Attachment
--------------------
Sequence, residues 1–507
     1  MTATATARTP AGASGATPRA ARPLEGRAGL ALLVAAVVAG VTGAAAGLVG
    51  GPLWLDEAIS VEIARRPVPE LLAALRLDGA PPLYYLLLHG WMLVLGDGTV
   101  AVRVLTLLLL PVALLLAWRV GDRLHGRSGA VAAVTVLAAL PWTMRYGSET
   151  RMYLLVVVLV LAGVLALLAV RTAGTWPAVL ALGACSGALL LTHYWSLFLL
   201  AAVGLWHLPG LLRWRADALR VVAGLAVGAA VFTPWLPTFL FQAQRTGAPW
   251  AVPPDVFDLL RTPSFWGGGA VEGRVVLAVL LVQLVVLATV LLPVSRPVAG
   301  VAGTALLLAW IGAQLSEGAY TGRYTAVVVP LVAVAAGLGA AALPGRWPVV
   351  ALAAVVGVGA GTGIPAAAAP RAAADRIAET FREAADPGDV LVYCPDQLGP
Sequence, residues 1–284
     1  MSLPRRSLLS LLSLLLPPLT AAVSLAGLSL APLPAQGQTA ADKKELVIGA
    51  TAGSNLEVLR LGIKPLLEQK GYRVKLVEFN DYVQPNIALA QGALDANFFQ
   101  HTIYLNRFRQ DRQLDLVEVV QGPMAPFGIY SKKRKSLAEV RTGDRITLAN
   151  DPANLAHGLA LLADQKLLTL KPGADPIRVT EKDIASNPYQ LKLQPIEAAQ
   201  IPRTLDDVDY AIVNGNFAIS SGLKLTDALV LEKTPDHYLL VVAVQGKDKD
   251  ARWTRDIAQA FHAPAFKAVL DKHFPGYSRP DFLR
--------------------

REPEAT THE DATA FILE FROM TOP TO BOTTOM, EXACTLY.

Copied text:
Sequence, residues 1–507
     1  MTATATARTP AGASGATPRA ARPLEGRAGL ALLVAAVVAG VTGAAAGLVG
    51  GPLWLDEAIS VEIARRPVPE LLAALRLDGA PPLYYLLLHG WMLVLGDGTV
   101  AVRVLTLLLL PVALLLAWRV GDRLHGRSGA VAAVTVLAAL PWTMRYGSET
   151  RMYLLVVVLV LAGVLALLAV RTAGTWPAVL ALGACSGALL LTHYWSLFLL
   201  AAVGLWHLPG LLRWRADALR VVAGLAVGAA VFTPWLPTFL FQAQRTGAPW
   251  AVPPDVFDLL RTPSFWGGGA VEGRVVLAVL LVQLVVLATV LLPVSRPVAG
   301  VAGTALLLAW IGAQLSEGAY TGRYTAVVVP LVAVAAGLGA AALPGRWPVV
   351  ALAAVVGVGA GTGIPAAAAP RAAADRIAET FREAADPGDV LVYCPDQLGP
Sequence, residues 1–284
     1  MSLPRRSLLS LLSLLLPPLT AAVSLAGLSL APLPAQGQTA ADKKELVIGA
    51  TAGSNLEVLR LGIKPLLEQK GYRVKLVEFN DYVQPNIALA QGALDANFFQ
   101  HTIYLNRFRQ DRQLDLVEVV QGPMAPFGIY SKKRKSLAEV RTGDRITLAN
   151  DPANLAHGLA LLADQKLLTL KPGADPIRVT EKDIASNPYQ LKLQPIEAAQ
   201  IPRTLDDVDY AIVNGNFAIS SGLKLTDALV LEKTPDHYLL VVAVQGKDKD
   251  ARWTRDIAQA FHAPAFKAVL DKHFPGYSRP DFLR